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Re: Re^4: Recent slowness and outage (IPC cache)

by perrin (Chancellor)
on Jan 17, 2003 at 16:16 UTC ( #227707=note: print w/ replies, xml ) Need Help??

in reply to Re^4: Recent slowness and outage (IPC cache)
in thread Recent slowness and outage

Double ugh. We're getting tangled up by limitations of MySQL when this was designed (lack of transactions and row-level locking) and limitations of the Everything code (writing the entire node at once). I don't know if it's possible to truly fix this stuff without fundamental changes. Maybe I should just focus on making a shared nodelet cache.

Anyway, as I understand it you want to get the node, keep a local copy, do the updates (which currently all modify the version of the node in the cache), and then compare that to the original. Unlike the current in-memory node cache, a shared one based on Cache::Mmap would not update the node in the cache until it is explicitly saved back to the cache, i.e. in-memory updates do not modify the cache. I'm not sure if that helps any or not. Depends on what the update code does.

Comment on Re: Re^4: Recent slowness and outage (IPC cache)
Re^6: Recent slowness and outage (IPC cache)
by tye (Cardinal) on Jan 17, 2003 at 17:13 UTC

    Having an unmodified copy of the node is nice. But having some other process being able to update it out from under me pretty much defeats the entire purpose. (:

                    - tye
      The "modify it out from under you" problem would be no worse than it is now. Right now anyone could update it in the database while you are working on it, and you won't know unless you re-fetch it. If someone modifies it in the shared cache it's the same, i.e. it won't affect the copy you're working with unless you re-fetch it from the cache (or the database). That's because what you get back from the cache is a copy, not a reference to the item in the cache.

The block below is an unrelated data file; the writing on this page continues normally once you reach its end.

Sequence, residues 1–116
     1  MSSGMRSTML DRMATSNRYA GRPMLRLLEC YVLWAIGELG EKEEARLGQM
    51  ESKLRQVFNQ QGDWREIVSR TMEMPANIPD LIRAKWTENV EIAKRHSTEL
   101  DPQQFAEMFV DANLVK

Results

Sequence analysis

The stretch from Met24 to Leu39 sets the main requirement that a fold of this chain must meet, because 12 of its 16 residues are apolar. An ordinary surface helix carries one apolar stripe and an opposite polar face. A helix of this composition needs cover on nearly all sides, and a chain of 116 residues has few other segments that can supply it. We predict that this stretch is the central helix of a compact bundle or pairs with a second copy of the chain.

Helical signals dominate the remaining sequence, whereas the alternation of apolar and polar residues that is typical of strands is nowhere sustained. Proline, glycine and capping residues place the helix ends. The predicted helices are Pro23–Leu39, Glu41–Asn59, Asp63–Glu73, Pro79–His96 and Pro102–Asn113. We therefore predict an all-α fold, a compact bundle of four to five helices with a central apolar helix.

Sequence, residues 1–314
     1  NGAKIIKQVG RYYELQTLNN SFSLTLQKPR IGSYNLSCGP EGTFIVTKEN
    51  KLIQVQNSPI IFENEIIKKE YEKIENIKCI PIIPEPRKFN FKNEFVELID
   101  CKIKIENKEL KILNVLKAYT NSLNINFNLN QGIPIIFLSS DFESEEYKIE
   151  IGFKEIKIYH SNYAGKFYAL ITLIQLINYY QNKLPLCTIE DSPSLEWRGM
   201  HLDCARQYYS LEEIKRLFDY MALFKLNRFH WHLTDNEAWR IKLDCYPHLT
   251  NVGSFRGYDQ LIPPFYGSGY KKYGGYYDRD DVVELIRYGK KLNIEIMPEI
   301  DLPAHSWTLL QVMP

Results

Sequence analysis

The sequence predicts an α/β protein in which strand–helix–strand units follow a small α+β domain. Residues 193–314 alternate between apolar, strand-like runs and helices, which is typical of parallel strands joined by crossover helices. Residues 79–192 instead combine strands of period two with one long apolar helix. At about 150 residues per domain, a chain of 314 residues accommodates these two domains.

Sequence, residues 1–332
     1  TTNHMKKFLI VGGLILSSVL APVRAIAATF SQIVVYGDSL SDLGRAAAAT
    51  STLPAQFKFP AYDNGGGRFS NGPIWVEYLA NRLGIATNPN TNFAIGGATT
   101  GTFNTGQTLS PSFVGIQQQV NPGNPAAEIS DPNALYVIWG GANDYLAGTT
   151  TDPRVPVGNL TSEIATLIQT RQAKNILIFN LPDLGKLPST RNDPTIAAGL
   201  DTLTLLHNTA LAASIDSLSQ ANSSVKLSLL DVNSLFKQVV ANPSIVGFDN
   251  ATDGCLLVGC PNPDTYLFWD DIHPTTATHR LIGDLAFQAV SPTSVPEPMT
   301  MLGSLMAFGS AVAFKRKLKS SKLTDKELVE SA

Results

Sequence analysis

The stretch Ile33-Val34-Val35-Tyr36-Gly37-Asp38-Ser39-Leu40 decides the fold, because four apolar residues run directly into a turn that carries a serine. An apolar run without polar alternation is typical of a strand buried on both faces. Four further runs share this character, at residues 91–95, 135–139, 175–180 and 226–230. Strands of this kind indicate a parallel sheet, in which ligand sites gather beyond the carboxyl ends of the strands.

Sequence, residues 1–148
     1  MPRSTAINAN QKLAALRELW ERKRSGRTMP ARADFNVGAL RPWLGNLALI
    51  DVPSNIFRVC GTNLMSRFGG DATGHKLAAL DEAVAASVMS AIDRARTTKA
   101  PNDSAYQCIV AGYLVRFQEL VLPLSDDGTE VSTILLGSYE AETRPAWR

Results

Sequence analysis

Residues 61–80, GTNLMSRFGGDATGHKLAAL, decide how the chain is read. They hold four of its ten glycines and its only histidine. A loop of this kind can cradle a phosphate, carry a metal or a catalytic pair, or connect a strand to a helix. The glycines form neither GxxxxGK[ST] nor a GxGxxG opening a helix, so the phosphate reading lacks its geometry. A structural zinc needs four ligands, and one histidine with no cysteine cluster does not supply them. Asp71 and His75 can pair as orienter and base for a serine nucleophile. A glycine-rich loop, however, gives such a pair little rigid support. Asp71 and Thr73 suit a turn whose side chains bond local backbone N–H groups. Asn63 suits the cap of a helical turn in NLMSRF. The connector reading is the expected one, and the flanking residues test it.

It's possible (and already built into some modules) to use file-locking to provide exclusive access to a cache entry, but that won't really help because multiple machines are involved and the real master source is the database, not the cache.

      Another angle would be node-level locks in MySQL based on the code from Apache::Session::Lock::MySQL. May not be worth the effort though.

        When you go save the node you have to compare your copy to the original copy (in my scheme). So this is when you'd notice the problem. Of course you have the same problem now because I haven't fixed anything yet.

        But you made it sound like having a unmodified copy in the shared memory would help with my changes so I said why that wouldn't do any good. Adding an inter-process node cache where I can't make use of the separate copy means that we'd have a database, two inter-process node caches, and then extra copies of nodes in each process as well. Being able to efficiently track changes to fields pretty much requires a node cache in each process. So adding another cache doesn't make sense if we do that.

        Locking a node for the duration of the rendering of the HTML page would cost way too much concurrency. Delineating smaller transaction windows for such locking requires a "get node for update" feature be manditory.

        Transition to such would be a huge pain. The only way I see that working is to make it optional and detect and warn when you don't use it and also detect when changes were made outside of the requested window. That requires pretty much what I'm proposing in my changes.

        So the node cache needs to be revamped as I've outlined and incremental updates optimized. After that has happened, we can look at doing more drastic changes, but I'm not convinced they will be worth the effort at that point.

                        - tye

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